We’ve detected another function call that performs another terminate operation “00007FF6FDE029CF”.

Let’s perform the previous RIP address change at this stage as well.

It repeats the same actions. Now let’s start reviewing the parts we skipped. After we got through the Anti-Analysis stages, we continued monitoring the program’s operation, as seen in the image below. Once the backups have been deleted, Royal ransomware will set its exclusion paths (the files or directories spared from file encryption). The following file extensions will be excluded from being encrypted:

  • .exe, .dll, .bat, .lnk, README.TXT, .royal

Next, the ransomware will set the list of directories excluded from the encryption process. These directories are the ones that contain the following strings:

– Windows, RoyalPreflogs, Tor Browser, Boot $recycle.bin, Windows.old, $windows.~ws, $windows.~bt, Mozilla, Google.

Network Activity

Ransomware will scan the network interfaces and, if possible, retrieve the different IP addresses for the target machine/machines using the “GetIpAddrTable” API call. It will specifically search for IP addresses that start with “192.10.100./ 172.”

Royal ransomware will establish a socket using the API WSASocketW and associate it with a completion port using CreateIoCompletionPort. It then will use the API call tones to set the port to SMB and eventually try to connect to the instructed IP addresses via the LPFN_CONNECTEX callback function.

Ransomware will enumerate the shared resources of the given IP addresses using the API called NetShareEnum. If a shared resource is one of “ADMIN$” or “IPC$”, the ransomware will not encrypt it.


Royal ransomware’s encryption is multi-threaded. To choose the number of running threads, the ransomware will use the API call GetNativeSystemInfo to collect the number of processors in a machine. It will then multiply the result by two and create the appropriate number of threads accordingly. Next, the ransomware will set the RSA public key, embedded in the binary in plain text and used for encrypting the AES key.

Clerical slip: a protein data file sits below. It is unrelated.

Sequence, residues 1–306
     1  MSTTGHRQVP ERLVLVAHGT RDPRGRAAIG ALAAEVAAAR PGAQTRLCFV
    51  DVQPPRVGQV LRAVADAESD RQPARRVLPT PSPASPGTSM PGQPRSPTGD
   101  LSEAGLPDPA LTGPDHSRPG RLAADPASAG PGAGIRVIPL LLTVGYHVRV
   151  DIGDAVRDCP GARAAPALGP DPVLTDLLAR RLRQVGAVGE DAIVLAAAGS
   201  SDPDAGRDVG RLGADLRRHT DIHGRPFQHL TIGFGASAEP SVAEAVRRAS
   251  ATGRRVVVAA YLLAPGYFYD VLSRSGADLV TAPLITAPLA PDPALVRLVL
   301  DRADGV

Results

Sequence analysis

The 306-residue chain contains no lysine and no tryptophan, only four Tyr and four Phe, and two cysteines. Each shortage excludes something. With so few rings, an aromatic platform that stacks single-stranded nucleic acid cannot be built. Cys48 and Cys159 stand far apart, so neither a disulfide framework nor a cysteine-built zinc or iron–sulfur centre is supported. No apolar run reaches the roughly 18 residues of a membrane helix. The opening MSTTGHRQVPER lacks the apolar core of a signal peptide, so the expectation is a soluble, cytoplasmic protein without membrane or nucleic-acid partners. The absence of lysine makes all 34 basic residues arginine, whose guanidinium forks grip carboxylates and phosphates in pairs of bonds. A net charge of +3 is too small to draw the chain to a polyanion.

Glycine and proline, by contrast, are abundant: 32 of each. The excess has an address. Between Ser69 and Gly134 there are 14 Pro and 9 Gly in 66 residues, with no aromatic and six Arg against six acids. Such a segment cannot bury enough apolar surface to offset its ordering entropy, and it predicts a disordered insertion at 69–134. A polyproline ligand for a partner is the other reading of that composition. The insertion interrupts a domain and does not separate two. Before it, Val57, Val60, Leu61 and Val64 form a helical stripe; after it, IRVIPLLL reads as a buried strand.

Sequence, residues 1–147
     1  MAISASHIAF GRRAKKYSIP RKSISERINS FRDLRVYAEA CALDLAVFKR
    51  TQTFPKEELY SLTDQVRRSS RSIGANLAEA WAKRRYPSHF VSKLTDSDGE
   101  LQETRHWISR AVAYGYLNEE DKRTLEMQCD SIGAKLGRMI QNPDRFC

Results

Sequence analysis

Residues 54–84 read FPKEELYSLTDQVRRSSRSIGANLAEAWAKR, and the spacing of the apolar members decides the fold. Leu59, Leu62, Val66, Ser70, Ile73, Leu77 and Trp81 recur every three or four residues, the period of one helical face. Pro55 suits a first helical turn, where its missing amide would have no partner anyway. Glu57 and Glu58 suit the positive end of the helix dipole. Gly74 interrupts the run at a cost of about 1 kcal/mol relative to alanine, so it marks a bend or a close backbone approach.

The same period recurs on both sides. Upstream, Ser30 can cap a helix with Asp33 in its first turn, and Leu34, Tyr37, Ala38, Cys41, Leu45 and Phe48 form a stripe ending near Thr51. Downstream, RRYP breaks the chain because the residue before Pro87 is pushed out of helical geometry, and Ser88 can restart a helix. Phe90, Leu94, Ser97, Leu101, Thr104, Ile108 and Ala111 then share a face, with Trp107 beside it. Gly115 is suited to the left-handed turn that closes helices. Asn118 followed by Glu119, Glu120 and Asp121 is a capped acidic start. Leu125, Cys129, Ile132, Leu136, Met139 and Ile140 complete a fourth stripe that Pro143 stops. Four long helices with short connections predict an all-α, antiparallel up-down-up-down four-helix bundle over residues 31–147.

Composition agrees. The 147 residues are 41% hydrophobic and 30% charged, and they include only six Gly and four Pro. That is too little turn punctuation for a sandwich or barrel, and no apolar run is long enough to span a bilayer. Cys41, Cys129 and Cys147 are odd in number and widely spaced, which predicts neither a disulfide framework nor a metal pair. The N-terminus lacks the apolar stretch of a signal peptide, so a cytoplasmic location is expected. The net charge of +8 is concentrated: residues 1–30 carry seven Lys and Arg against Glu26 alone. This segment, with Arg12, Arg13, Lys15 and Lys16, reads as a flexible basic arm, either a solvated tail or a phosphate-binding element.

• RSA Public Key: —–BEGIN RSA PUBLIC KEY—–nMIICCAKCAgEAuWfX+pJCUCKc9xsWLVHpCpw6TL20HG/Vk4vF3GYlr6HltX7BMRfAn7oGyMztNb37xW66NX+uxHghrX3+sm23yJmSfressJIGOvDNZVO80JevZxuhHUomenRdLfjRYpuEg8mbEdL1c1jQqoEZEhOIb8Lhv1dBDnwXEBGnf/k8uMuY784xxDfbptnSB15OOHRfvIqMcIbskQ8RfMDFeiwYNRVrCkyhXOTB+RkmzTtp7q8gjnA1AHOfHSxneOBVt9Lz27uuS4RIf/b31aiBolzAWft44wSC4diYvSom93d6S2K6oMYNOQvSu+zInU8/yzxebDN0bWJLVPZxndQFBVHiTXQfWDi1BdsaljR2BHPj/tYWd4j/72vN1vywtnM3sn5TJNql/gJZ7HuU0QOyBzdLk3vpmmqby5wwXLd+WKPWv3HEKaOy80K0F7FrhC

Regarding partial encryption, Royal ransomware gives the ransomware operator a more flexible solution for evading detection than most ransomware. We assume this flexibility and the evasion potential it enables was a design goal for the creators of Royal ransomware.

Latest Attacks of the Group 

Ransomware attacks on the healthcare industry increased by 81.1% in 2022 compared to 2021. Also, Health Sector Cybersecurity Coordination Center (HC3) draws attention to this issue in its latest analysis of Royal Ransomware. Some recent attacks made in the healthcare industry, such as compromising the Northwest Michigan Health Services and Happy Sapiens Dental firms, are made from Royal Ransomware. The group may likely target this sector more often in the future.

Royal’s post about the Happy Sapiens Dental
Royal’s post about the Happy Sapiens Dental